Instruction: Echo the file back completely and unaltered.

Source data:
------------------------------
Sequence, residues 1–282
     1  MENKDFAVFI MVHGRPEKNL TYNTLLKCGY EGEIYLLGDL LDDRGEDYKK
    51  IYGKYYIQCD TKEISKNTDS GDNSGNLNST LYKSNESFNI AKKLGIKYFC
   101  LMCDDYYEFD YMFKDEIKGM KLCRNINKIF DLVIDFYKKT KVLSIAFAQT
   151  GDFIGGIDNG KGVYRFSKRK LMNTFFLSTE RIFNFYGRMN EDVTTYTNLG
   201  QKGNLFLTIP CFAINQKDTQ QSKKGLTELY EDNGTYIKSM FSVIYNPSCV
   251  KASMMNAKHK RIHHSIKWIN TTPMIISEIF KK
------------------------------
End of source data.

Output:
Sequence, residues 1–282
     1  MENKDFAVFI MVHGRPEKNL TYNTLLKCGY EGEIYLLGDL LDDRGEDYKK
    51  IYGKYYIQCD TKEISKNTDS GDNSGNLNST LYKSNESFNI AKKLGIKYFC
   101  LMCDDYYEFD YMFKDEIKGM KLCRNINKIF DLVIDFYKKT KVLSIAFAQT
   151  GDFIGGIDNG KGVYRFSKRK LMNTFFLSTE RIFNFYGRMN EDVTTYTNLG
   201  QKGNLFLTIP CFAINQKDTQ QSKKGLTELY EDNGTYIKSM FSVIYNPSCV
   251  KASMMNAKHK RIHHSIKWIN TTPMIISEIF KK